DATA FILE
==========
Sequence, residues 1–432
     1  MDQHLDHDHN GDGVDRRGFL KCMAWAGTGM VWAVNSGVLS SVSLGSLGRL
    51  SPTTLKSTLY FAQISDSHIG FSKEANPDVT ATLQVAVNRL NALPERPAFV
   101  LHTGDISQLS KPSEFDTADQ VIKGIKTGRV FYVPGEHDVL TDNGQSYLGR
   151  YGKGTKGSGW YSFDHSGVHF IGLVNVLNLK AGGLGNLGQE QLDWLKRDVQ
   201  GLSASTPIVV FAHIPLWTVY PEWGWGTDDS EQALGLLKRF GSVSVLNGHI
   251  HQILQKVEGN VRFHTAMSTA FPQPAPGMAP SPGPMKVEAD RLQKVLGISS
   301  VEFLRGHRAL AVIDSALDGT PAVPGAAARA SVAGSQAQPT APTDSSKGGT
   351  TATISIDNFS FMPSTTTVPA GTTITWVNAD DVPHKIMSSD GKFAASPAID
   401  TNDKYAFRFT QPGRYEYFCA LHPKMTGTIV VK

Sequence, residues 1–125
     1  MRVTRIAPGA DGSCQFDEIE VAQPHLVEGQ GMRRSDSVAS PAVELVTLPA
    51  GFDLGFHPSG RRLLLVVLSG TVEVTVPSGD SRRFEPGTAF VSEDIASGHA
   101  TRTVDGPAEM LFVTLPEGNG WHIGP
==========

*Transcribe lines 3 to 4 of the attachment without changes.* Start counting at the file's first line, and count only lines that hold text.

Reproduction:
    51  SPTTLKSTLY FAQISDSHIG FSKEANPDVT ATLQVAVNRL NALPERPAFV
   101  LHTGDISQLS KPSEFDTADQ VIKGIKTGRV FYVPGEHDVL TDNGQSYLGR